As far as the actual recovery of the relics is concerned there have been a few instances that give some courage. In March Mark V. Vlasic a strong advocate of cultural preservation covered one of these. “Looted from Iraq, the ancient carving of Assyrian King Sargon II was to fetch $1-2 million dollars on the black market. Instead, thanks to the good work of the U.S. Departments of Justice, State and Homeland Security, the treasure – and about 64 other looted antiquities – were returned last week to the people of Iraq. The repatriation was a small ray of hope, in contrast to the archeological crisis that now faces culturally-rich conflict zones in the Middle East.”

By mid-2015 the problem had magnified and drawn global attention which forced United Nations to unanimously adopt a resolution to combat this cultural threat. Soon after the Resolution the director general of UNESCO  warned that  “deliberate destruction” of cultural heritage is a war crime according to the Rome statute of the International Criminal Court. Finally, it was in October 2015 that the first case of this specific war crime was brought before the Court.

And let’s not forget that at the end of the year even Pope Francis expressed his concern on the issue. In his Christmas message he slammed the destruction of cultural heritage.

2015 has not been a peaceful year. It will be remembered also as the year that disturbed the dead long buried in the archaeological sites, let’s hope that 2016 brings peace to the living and the dead.



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Why am I writing a blog on Myanmar (also called Burma)? What has it got to do with Pakistan or the ancient Indus civilization?

Myanmar is a Buddhist country, in a few previous blogs I have already explained that Buddhism represents a resilient nonviolent philosophy which may have originated in Pakistan’s remote past. Some of the earliest evidence, predating the period of Gautama Siddhartha Buddha, is preserved in the 5000 year old archaeological sites around River Indus.  The mountain walls of the Kirthar Range, between the provinces of Balochistan and Sindh, depicting images of stupas, lotus flowers and swastikas, were engraved in an era that goes even beyond Indus Civilization. In the historical period, therefore, it was logical for Buddhism, as we know it, to flourish in the Indus and Gandhara region. This is verified by several sources including the accounts of two famous Chinese pilgrims; Faxian (approx.337-422 CE) and Xuanzang (approx.600-64 CE), who visited these regions and listed thousands of Buddhist stupas and monasteries. In fact Sindh had been a stronghold of Buddhism even after the Muslim conquest in early eighth century and the peaceful coexistence between the Muslims and Buddhists lasted throughout the Muslim rule in Sindh.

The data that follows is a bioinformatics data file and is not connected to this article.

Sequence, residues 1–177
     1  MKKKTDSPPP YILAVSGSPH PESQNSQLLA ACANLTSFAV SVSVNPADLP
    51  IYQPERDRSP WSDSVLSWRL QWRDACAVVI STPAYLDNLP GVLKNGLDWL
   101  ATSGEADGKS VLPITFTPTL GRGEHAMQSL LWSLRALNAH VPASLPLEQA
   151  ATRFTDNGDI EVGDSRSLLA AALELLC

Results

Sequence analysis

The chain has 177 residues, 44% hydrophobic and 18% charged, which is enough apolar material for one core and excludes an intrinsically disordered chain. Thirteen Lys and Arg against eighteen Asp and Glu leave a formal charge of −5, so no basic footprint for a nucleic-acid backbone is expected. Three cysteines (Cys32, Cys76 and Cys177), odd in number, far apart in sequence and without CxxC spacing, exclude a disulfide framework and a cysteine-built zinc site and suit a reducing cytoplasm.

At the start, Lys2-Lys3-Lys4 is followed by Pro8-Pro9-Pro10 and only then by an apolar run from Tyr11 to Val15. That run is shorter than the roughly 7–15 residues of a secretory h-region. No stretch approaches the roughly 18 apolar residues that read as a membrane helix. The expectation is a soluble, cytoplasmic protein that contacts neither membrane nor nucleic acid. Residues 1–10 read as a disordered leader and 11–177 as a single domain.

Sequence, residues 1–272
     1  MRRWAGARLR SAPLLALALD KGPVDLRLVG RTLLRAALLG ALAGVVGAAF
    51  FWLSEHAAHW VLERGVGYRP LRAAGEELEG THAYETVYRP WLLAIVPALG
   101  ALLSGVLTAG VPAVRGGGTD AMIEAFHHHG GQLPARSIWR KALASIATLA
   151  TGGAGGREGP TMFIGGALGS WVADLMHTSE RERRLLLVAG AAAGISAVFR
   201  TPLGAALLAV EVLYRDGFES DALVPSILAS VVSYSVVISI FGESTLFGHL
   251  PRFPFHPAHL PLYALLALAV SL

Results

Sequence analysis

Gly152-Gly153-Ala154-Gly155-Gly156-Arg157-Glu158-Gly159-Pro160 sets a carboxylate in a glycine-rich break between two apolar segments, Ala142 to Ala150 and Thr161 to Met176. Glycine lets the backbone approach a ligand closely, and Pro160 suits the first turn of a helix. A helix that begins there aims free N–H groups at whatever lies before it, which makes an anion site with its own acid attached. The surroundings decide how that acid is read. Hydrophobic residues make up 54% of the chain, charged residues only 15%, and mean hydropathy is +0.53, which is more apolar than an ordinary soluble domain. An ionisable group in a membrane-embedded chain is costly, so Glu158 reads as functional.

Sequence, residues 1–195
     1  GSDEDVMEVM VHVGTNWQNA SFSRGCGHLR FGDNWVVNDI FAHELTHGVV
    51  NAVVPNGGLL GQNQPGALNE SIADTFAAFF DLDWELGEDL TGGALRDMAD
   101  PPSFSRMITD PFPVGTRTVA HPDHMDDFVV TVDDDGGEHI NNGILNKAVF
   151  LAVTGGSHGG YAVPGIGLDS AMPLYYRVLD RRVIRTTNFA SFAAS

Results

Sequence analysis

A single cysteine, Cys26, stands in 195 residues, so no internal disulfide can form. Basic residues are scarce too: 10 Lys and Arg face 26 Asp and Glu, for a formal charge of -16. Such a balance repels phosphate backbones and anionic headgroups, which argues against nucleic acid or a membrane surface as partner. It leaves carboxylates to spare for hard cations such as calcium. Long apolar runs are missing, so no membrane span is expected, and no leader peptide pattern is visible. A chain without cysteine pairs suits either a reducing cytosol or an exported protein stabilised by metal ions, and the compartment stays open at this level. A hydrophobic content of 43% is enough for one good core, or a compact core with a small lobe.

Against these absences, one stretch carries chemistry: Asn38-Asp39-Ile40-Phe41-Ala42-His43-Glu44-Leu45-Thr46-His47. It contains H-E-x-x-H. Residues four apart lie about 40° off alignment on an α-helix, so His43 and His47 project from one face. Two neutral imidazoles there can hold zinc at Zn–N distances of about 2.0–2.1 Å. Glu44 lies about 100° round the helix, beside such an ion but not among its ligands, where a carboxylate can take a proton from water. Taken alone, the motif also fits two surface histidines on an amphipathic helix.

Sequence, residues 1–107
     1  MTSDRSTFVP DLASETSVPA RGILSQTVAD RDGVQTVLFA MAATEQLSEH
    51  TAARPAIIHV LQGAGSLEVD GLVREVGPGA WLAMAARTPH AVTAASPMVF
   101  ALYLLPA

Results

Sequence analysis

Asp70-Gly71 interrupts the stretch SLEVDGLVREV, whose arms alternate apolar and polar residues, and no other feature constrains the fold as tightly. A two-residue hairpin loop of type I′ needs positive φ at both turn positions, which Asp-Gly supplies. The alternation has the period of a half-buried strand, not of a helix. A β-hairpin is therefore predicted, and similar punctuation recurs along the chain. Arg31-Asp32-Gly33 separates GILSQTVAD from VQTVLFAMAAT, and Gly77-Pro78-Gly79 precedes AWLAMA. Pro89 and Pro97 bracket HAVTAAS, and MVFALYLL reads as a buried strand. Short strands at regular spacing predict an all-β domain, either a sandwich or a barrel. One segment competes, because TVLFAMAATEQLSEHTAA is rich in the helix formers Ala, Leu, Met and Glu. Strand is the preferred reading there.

The debate of the demise of Buddhism in the Indian subcontinent is long, suffice it to say here that with its collapse elsewhere in India it finally collapsed in Sindh. Hence, in 1910 when Buddha’s ashes were discovered from a stupa in Peshawar, they were fated to be transferred to Mandalay. Myanmar at that time formed a part of British India and the British rulers trusted the sacred ashes to their Buddhist province.  Overwhelmed by this discovery, Frank Carpenter, who had already traveled through the vast Buddhist World and who covered the  impressive ceremony of Viceroy’s handing over the ashes to the Burmese monks ,  reported that  the “ Buddhist religion is on the eve of a revival.

Buddhism may have been expelled from India but it was flourishing with a greater vigor from Burma in the west to Japan in the east and from Tibet in the north to Sri Lanka in the south.  Many of us know of Myanmar of that period through the writings of Somerset Maugham, Pearl Buck and of course George Orwell. In “Burmese Days” we learn of politics and society at a time when the membership of a native to a British club was one of the highly debated issues.